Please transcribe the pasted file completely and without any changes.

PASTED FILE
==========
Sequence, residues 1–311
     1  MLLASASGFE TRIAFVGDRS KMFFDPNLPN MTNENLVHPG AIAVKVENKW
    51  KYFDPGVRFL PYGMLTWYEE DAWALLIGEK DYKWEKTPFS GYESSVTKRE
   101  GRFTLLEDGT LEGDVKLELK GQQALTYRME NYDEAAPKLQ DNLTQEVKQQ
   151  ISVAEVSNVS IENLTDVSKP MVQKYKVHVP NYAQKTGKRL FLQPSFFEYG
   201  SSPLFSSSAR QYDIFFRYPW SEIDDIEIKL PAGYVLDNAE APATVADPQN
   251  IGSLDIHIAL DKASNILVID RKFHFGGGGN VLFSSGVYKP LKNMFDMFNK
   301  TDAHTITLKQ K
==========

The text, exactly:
Sequence, residues 1–311
     1  MLLASASGFE TRIAFVGDRS KMFFDPNLPN MTNENLVHPG AIAVKVENKW
    51  KYFDPGVRFL PYGMLTWYEE DAWALLIGEK DYKWEKTPFS GYESSVTKRE
   101  GRFTLLEDGT LEGDVKLELK GQQALTYRME NYDEAAPKLQ DNLTQEVKQQ
   151  ISVAEVSNVS IENLTDVSKP MVQKYKVHVP NYAQKTGKRL FLQPSFFEYG
   201  SSPLFSSSAR QYDIFFRYPW SEIDDIEIKL PAGYVLDNAE APATVADPQN
   251  IGSLDIHIAL DKASNILVID RKFHFGGGGN VLFSSGVYKP LKNMFDMFNK
   301  TDAHTITLKQ K